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So I wrote this article on my own, and shared it between my friends via online, but I did not want anyone to use it for any monetary reasons, such as publishing it into a book and selling it. Is there a disclaimer I can use to tell people to not publish the article, and keep it private from publicity?

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That's what a copyright notice is for. It informs the public that the work is copyrighted, when it was copyrighted, and who owns the copyright.

This is the standard form of a copyright notice:

© 2017 James Homicker

If your friends know the meaning of the copyright notice, that's all you need. If not, add a line at the top of your article, asking them not to copy, distribute, or publish the article for any reason.

ETA: I noticed that you said "for any monetary reasons." If you wish to allow non-commercial use of your article, consider issuing a "creative commons" license. The For Licensors section of the CreativeCommons.org FAQ offers guidance on how to choose and apply an appropriate license.

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I am not a lawyer, but I do know you own the copyright on the material from the moment you finished it. Other's cannot publish it for money without your permission. Unfortunately, you need to get a lawyer to write a cease-and-desist letter for anybody that does, or perhaps you can find a model for one online, but the copyright is yours. Which means nobody else has the right to publish copies of it for any reason unless you grant them that.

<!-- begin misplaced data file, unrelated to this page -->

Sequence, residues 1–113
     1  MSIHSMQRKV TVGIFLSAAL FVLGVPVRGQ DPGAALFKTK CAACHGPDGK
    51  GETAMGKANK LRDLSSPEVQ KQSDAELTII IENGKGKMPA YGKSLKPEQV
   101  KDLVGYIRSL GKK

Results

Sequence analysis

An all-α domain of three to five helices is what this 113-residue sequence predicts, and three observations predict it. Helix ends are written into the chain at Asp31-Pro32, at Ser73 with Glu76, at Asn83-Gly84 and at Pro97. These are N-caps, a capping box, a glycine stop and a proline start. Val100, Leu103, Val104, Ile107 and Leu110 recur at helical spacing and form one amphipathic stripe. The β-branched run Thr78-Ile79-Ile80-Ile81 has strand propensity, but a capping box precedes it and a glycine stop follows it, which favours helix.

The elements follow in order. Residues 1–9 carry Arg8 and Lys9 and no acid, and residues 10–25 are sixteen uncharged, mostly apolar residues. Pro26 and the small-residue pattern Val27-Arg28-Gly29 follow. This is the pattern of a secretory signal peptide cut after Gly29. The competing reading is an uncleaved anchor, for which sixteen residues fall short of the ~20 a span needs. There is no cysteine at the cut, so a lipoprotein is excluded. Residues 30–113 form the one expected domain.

• "I do know you own the copyright on the material from the moment you finished it" I believe this isn't universally true. In some countries, you actually have to register or at least submit your work for copyright to apply. – a CVn Nov 3 '17 at 23:27
  • @MichaelKjörling Maybe true. In the USA, you have the copyright on any finished form; which would be what the OP shared. – Amadeus-Reinstate-Monica Nov 4 '17 at 4:10
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IANAL but you should have a lawyer draft a Non-Disclosure Agreement (NDA) that they all must sign in order to read. This then protects you from having them leak your article. Details in the NDA can provide any retribution should they break the NDA. However they all need to sign an NDA. That legally holds them responsible to your wishes of keeping it private and holds them legally accountable for any actions that violate the agreement signed.

  • Really? A NDA? To make sure friends don't publish and make money off of something you've written? What happened to a simple request such as, say, "don't pass this on to anyone else" written right at the top? While I agree that in some cases that a legally workable NDA is necessary, in the OP's case this seems exceptionally heavy-handed. A NDA also typically (but this obviously depends on the specific implementation) encompasses activities far from "publishing in whole for monetary gain", not uncommonly including even discussing the content. – a CVn Nov 3 '17 at 23:35

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